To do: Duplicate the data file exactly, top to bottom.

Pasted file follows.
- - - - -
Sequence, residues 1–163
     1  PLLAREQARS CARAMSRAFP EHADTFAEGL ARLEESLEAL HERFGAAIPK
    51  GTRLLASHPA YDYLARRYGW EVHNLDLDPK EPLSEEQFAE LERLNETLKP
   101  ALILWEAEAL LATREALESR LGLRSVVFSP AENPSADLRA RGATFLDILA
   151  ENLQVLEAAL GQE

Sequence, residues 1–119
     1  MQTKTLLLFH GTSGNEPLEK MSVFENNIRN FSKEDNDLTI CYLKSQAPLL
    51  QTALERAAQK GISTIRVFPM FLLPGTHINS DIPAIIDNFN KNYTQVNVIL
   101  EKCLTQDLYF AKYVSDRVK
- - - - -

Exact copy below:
Sequence, residues 1–163
     1  PLLAREQARS CARAMSRAFP EHADTFAEGL ARLEESLEAL HERFGAAIPK
    51  GTRLLASHPA YDYLARRYGW EVHNLDLDPK EPLSEEQFAE LERLNETLKP
   101  ALILWEAEAL LATREALESR LGLRSVVFSP AENPSADLRA RGATFLDILA
   151  ENLQVLEAAL GQE

Sequence, residues 1–119
     1  MQTKTLLLFH GTSGNEPLEK MSVFENNIRN FSKEDNDLTI CYLKSQAPLL
    51  QTALERAAQK GISTIRVFPM FLLPGTHINS DIPAIIDNFN KNYTQVNVIL
   101  EKCLTQDLYF AKYVSDRVK